Two months ago winter was in full force and though we knew tax time was approaching, it was still February – there was plenty of time. Today the first week of April is nearly gone, and though the early birds have already processed their taxes and spent their refunds – there are those that are only now collecting their forms and receipts, settling down and doing their taxes.
Home ownership is a big plus when it comes to tax time. The government is generous with tax deductions for homeowners, and these deductions are advantages that will reduce your tax bill. Here are a few to consider.
Mortgage interest is any interest that you pay on a loan secured for your main home or a second home. The loan can be a mortgage to buy your home, a second mortgage, a line of credit or even a home equity loan. This interest can be used as a tax deduction. Interestingly, this tax deduction applies if you pay interest on a condominium, cooperative, mobile home, boat or recreational vehicle used as a residence.
The IRS considers points on a conventional mortgage as prepaid tax. One point is equal to one percent of the principal loan amount. Either the buyer or seller or both may pay these points, and these can be used to cut your tax bill. The trick is to know if you can deduct the points all at once or if you have to spread the costs over the life of the loan. There is good information on some of these advantages in the IRS Tax Information for Homeowners guide.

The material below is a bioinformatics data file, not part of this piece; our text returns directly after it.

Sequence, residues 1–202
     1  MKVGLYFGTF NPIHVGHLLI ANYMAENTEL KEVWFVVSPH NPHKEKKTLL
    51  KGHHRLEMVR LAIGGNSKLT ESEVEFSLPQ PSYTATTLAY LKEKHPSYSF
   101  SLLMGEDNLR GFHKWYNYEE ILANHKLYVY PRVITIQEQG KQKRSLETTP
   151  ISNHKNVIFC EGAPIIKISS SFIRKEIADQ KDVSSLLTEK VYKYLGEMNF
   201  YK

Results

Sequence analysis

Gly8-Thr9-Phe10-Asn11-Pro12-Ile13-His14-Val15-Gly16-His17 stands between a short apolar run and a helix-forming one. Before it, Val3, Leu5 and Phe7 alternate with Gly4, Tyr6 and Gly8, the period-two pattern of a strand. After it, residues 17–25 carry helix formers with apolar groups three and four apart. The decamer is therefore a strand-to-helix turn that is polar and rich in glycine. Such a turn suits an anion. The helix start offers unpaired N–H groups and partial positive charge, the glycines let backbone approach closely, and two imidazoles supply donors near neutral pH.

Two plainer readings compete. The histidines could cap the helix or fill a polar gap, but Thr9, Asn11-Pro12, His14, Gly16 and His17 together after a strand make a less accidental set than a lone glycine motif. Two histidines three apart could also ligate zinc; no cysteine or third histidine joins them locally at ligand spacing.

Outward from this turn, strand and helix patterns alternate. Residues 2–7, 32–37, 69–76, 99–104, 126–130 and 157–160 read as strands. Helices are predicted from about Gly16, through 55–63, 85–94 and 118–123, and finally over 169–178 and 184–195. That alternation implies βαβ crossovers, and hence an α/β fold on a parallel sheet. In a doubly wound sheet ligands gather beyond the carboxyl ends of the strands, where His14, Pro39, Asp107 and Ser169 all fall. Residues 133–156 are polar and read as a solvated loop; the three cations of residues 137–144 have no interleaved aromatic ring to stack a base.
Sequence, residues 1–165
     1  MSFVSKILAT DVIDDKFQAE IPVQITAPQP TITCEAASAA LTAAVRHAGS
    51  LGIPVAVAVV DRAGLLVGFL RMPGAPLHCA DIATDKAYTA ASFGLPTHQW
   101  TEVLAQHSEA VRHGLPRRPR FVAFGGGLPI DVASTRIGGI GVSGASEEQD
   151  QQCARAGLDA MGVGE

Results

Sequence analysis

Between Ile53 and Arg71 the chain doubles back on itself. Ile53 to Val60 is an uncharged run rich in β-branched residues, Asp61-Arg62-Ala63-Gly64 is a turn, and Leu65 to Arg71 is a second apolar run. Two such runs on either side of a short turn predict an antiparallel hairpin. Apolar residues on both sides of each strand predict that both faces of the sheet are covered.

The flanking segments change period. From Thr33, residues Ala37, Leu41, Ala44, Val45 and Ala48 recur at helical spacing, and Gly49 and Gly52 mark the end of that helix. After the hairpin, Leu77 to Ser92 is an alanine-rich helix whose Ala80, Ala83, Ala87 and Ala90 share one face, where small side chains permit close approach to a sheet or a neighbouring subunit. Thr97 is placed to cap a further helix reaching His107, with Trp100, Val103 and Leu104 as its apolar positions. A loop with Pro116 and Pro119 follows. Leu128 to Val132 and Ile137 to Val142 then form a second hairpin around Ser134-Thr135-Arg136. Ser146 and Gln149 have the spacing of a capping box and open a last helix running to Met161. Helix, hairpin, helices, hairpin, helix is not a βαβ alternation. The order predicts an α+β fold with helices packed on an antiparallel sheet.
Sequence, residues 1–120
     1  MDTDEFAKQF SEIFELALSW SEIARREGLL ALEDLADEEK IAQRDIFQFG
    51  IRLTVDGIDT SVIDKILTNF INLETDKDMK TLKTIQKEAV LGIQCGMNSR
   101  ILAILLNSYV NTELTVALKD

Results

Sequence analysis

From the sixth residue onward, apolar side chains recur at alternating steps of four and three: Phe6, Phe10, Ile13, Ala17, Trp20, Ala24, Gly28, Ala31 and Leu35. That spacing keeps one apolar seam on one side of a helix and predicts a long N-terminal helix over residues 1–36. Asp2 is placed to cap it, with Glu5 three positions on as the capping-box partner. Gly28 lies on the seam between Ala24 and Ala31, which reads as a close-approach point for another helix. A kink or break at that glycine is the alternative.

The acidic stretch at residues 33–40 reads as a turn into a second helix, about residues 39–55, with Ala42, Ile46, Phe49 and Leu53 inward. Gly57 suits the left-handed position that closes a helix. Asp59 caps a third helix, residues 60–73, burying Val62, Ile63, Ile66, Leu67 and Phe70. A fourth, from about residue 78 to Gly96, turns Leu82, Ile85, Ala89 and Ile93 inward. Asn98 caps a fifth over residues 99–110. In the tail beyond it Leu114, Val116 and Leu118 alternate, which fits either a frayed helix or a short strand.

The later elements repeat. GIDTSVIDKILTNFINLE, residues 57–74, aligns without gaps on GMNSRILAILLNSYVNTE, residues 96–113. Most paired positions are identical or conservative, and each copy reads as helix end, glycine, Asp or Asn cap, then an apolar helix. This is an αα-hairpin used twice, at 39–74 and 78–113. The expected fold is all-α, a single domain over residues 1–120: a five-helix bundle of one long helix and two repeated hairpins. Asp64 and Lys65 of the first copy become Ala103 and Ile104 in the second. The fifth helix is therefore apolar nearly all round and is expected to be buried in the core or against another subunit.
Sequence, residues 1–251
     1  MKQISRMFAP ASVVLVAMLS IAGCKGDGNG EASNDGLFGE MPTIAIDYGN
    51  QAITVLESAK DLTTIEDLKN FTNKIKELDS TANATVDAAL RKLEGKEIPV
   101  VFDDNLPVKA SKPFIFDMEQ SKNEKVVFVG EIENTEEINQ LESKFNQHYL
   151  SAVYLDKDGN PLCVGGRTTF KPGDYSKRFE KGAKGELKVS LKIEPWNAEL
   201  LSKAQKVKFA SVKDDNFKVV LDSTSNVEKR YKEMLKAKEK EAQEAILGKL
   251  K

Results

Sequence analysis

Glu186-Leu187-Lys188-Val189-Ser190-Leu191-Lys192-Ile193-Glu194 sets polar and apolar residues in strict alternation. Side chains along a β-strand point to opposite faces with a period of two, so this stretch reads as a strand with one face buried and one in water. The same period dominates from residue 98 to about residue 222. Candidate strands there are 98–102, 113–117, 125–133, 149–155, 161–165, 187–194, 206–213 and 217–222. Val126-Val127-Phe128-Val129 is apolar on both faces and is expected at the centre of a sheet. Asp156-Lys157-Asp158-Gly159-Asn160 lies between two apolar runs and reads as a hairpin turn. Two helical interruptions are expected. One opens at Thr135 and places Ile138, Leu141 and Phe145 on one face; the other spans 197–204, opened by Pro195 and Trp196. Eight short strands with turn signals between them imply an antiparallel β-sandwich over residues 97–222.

Another tax break is available from paying your property tax on your home or other property that you own. You need to deduct the real estate tax for your main home or other non-rental/non-business property on Schedule A. Remember property tax is deductible in the year you paid it, not necessarily the year that the payment is due.
There have been many energy efficiency tax breaks over the years. For example, if you installed storm doors or insulation or new energy efficient windows in 2015, you can get a tax credit of $500. This credit is expiring on December 31, 2016.
The IRS offers incentives to first time home buyers by allowing the withdrawal up to $10,000 from a traditional IRA without penalty. This can be a great help with the purchase of your first home. As an added bonus, your spouse or parents can put an additional $10,000 from their IRA for a total of $20,000 without penalty.
As tax time approaches, I highly recommend that you speak to a tax professional and ask about the advantages you may have as a homeowner. A tax professional will be able to answer all your questions and guide you thereby saving you time and money.
Homeownership is a bonus in more ways than one; if you’re looking to buy a home, please reach out to me. I am here to help with any questions you have. Call my cell phone (541) 390-0595 or email me at firstname.lastname@example.org. You can also explore my website at www.selenamcneill.com
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